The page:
Saturday, October 15, 2011

Devils and Presidents

The strange noises were trains and trucks.  Watch out for these in Wyoming.  In hotel reviews we’d read things like: “The trains kept me up all night, it sounded like fingernails on the blackboard from every direction,” and of course we didn’t believe that.  But believe it, the sounds of the trains around there can wake you up from the sleep of the dead and the rumblings of the ore trucks can bounce you out of bed in a second.  I slept ok but Sarah didn’t and she was finally getting some rest when my body told me it was time to get up.  I had awakened with visions of Devils Tower in my head and when I finally roused Sarah I told her that we needed to go there.  It was obvious that we should!  [This is an attempt at a reference to CloseEncounters of the Third Kind … I’ll now desist.]

Most of the people at the hotel were hunters or businessmen (or a combination) and so were gone by the time we stumbled down to the restaurant for breakfast at 8:00 or so.  Nice breakfast with lots of coffee, and then they gave us free take-away jumbo Starbucks coffees as a going away present!  We stowed the coffees in the car and went up to the room to pack quickly, then check out ($126.57 for two, including dinner, drinks, and breakfast) and get the hell out of Dodge/Gillette.  It was gray and spitting rain off and on through the first part of that morning but slowly cleared into an acceptable day.

We had seen Devils Tower National Monument on the map and thought it might be fun to go there, but in the push to get to South Dakota we’d kind of forgotten about it.  We hadn’t gotten as far East as we’d hoped the day before, but as it turned out this was great because we were perfectly set up for what we really wanted to see!  We got back on the interstate and traveled East for about a half hour and then took 14 North from Moorcroft, and then 24 to Devils Tower NM (first National Monument in the country), arriving a bit before 10:00.  The high mountain landscape was long gone by now but we climbed up to the western arm of the Black Hills NF from the prairie and were back in a beautiful environment.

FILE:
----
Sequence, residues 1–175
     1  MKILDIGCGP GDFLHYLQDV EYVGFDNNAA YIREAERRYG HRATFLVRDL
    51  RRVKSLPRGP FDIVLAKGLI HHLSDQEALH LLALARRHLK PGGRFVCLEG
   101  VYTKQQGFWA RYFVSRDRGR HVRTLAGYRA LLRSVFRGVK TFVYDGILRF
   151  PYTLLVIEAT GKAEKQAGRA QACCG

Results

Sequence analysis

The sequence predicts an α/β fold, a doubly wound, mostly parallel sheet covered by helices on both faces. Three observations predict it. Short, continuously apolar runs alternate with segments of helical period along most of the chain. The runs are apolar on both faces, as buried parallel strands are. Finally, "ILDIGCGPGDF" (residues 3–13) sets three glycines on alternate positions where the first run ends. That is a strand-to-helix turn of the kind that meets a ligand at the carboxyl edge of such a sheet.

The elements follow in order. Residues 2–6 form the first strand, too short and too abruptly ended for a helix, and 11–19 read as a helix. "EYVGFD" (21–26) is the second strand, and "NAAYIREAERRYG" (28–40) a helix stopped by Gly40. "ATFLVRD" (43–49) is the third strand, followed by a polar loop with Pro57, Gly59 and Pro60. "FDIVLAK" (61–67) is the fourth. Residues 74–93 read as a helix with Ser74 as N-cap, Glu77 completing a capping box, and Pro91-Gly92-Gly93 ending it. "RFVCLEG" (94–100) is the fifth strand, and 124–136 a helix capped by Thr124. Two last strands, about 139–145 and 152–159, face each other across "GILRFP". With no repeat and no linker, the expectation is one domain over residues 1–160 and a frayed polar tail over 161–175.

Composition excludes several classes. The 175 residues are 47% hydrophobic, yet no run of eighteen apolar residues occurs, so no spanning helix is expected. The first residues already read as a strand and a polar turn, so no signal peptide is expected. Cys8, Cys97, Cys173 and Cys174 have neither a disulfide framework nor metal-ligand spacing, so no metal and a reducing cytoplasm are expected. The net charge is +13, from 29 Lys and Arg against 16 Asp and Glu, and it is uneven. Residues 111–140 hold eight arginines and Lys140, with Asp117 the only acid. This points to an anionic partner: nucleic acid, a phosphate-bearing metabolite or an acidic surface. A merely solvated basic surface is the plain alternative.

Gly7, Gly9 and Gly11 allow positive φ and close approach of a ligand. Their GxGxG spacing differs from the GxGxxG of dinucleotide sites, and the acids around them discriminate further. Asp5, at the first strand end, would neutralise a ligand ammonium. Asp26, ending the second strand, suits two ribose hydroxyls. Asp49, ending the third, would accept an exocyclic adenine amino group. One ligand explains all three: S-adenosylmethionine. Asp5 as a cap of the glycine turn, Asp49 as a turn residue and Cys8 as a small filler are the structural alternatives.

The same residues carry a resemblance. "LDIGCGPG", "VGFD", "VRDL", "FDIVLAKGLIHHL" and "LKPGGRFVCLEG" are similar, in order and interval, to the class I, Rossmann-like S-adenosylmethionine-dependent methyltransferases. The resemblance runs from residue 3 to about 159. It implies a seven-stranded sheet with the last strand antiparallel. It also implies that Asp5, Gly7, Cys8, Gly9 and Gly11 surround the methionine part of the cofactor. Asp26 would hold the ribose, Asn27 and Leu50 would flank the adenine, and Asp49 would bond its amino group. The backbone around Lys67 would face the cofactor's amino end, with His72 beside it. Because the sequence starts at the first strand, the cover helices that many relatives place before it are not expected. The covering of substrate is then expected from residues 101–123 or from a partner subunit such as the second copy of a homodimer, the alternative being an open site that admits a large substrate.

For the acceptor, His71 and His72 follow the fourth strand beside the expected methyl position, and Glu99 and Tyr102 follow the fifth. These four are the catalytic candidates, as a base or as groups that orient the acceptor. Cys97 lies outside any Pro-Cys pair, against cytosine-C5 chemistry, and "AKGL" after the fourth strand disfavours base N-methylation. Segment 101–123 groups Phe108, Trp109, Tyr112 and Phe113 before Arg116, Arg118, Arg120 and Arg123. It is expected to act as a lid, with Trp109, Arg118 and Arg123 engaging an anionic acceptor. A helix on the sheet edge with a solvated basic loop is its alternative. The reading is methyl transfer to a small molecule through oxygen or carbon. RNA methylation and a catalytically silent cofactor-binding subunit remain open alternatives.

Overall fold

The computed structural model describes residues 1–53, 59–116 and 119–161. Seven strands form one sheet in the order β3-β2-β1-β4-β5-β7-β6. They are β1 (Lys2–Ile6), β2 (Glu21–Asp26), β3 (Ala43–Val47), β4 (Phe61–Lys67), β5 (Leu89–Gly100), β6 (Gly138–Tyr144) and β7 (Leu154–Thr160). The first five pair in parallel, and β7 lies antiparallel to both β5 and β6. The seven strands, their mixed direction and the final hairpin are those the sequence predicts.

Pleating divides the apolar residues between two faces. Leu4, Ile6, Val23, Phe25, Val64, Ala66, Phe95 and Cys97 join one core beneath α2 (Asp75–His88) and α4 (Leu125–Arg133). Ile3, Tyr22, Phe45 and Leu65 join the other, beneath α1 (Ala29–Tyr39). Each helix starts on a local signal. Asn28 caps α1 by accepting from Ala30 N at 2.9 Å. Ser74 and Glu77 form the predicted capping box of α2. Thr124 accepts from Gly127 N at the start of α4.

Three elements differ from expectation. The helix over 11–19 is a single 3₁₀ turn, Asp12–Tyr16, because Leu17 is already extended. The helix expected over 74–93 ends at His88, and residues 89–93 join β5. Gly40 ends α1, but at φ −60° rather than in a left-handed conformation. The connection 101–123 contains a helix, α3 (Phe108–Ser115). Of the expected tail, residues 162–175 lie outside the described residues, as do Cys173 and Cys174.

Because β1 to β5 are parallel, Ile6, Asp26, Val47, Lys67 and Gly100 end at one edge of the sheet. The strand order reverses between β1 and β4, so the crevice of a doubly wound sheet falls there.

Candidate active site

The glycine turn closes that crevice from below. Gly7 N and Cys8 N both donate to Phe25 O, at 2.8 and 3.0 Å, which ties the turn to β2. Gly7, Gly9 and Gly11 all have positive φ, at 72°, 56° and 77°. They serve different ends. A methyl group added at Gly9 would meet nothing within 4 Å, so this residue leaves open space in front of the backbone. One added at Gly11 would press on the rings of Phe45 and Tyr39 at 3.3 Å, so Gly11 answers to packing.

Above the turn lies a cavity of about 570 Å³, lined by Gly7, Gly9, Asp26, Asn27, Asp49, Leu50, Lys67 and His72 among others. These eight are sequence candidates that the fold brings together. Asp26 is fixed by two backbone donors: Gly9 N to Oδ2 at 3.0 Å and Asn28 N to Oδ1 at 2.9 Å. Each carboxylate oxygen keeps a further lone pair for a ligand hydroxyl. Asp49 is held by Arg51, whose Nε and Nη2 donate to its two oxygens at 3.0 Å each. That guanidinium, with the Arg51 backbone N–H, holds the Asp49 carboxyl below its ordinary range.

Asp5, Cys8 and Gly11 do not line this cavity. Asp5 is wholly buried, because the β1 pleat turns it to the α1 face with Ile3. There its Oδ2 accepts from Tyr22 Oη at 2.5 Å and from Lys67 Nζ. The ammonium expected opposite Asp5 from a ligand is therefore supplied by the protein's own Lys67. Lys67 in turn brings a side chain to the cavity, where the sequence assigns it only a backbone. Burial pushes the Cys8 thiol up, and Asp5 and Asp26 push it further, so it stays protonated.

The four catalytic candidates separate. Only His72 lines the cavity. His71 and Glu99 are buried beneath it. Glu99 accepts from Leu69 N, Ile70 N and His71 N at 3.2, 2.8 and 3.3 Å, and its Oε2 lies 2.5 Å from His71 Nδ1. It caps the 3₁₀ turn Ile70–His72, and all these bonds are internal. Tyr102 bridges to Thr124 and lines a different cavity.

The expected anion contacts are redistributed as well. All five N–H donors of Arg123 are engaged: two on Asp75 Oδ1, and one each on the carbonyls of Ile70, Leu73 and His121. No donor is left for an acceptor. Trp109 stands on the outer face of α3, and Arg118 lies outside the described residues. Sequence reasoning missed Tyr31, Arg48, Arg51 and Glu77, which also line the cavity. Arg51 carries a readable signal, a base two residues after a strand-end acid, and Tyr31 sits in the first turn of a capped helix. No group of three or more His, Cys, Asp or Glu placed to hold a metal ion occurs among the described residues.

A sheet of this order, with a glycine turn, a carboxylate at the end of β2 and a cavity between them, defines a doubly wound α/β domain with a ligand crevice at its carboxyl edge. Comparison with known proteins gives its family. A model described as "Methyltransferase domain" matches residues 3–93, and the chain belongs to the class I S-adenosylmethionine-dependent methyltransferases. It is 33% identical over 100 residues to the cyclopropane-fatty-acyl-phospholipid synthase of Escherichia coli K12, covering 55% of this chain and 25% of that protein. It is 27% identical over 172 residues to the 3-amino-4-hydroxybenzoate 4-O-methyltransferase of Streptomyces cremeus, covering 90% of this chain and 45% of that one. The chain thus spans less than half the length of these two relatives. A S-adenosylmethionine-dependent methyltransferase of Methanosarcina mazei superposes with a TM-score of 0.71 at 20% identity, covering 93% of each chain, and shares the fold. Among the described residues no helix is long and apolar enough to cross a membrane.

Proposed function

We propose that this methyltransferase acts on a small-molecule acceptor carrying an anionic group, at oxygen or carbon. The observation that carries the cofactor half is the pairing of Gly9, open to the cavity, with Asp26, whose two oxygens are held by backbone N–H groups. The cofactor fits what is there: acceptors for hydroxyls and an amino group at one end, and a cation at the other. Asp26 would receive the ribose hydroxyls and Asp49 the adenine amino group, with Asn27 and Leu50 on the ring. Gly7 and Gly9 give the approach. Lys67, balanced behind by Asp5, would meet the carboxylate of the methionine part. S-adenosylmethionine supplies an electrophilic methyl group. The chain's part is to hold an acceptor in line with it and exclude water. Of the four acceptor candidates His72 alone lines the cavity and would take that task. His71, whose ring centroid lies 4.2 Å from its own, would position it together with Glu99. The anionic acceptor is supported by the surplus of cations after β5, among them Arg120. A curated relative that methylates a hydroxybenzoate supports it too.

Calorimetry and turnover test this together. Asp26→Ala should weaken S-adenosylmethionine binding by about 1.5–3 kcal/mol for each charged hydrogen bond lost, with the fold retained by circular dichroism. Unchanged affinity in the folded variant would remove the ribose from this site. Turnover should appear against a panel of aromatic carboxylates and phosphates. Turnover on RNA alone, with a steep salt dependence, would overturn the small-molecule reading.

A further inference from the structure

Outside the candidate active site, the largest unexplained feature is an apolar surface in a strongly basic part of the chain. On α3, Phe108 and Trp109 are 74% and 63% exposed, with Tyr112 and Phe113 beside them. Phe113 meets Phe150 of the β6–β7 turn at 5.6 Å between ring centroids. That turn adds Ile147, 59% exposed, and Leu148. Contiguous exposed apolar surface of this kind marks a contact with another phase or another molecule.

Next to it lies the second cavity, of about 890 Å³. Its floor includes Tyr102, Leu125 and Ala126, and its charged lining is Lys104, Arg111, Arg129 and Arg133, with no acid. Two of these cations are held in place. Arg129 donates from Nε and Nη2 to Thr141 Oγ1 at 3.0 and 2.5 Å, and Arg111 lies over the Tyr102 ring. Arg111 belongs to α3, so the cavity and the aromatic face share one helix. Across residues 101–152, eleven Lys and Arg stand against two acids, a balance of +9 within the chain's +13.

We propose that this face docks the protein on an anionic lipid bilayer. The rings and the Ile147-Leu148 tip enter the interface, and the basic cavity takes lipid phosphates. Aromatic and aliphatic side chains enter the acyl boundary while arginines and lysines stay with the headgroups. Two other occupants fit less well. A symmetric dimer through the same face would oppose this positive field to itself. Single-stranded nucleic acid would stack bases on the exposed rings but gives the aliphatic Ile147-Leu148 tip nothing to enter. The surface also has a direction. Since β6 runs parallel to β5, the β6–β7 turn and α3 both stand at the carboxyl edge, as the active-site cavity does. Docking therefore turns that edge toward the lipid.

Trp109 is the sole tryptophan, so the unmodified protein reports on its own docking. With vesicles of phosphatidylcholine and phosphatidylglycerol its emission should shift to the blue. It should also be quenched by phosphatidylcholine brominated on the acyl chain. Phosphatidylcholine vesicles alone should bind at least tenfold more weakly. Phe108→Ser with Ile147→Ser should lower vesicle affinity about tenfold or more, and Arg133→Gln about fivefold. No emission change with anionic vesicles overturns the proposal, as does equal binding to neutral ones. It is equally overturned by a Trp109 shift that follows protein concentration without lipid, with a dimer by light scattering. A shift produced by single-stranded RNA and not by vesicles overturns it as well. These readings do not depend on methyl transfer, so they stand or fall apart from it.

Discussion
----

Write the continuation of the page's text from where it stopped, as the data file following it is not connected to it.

“Devils Tower” is a white-man’s marketing name that was given to that spectacular igneous intrusion, but it is sacred to several Indian tribes and was always referred to by some variant of “Bear Lodge.”  I’ll use that name.  Stopped at the gate and flashed our pass, then had one of the most delightful interludes of the trip when we pulled over at the designated Prairie Dog Village and watched those industrious squirrel relatives.  Prairie dogs apparently need enough space to have large villages and have been eradicated from much of their original range, but they’re protected in this part of the NM in northeast Wyoming.  We got back in the car and circled up to the small, CCC-era VC, where we read all the informational displays and had a nice talk with the Ranger.  We realized that what we really needed to do was to take the “long” hike around Bear Lodge … about three miles on Red Beds Trail.  This was wonderful and we only saw one other group in that whole circuit.

The trail circles around Bear Lodge, which is striking from many different angles.  It’s a 867-foot tall rock of igneous phonolite and there are several theories about how it came about, the most likely being that it was forced up by a hot spot of magma about 50 million years ago and erosion has worn away all the ground/rock that used to surround it.  It’s dried into natural hexagons, like a mud field will, contracting as it cooled.  This makes the huge rock look fluted and fits in with a marvelous Indian story about a family being attacked by a bear spirit and being rescued by the rising of the rock into the air while it was clawed furiously by the huge bear.  The Red Beds trail samples the variety of zones you find where the Black Hills meet the prairie: long rocky creases in the hillside filled with pines, open meadows of tall grass, outlooks over the Belle Fourche River, banks of dried red hoodoos or yellow sandstone, gentle woods of ashes and oaks, and rolling conifer forests.  The trail goes way downhill and then back up slowly and was a wonderful hike in October, but in the heat of summer it’s probably murder.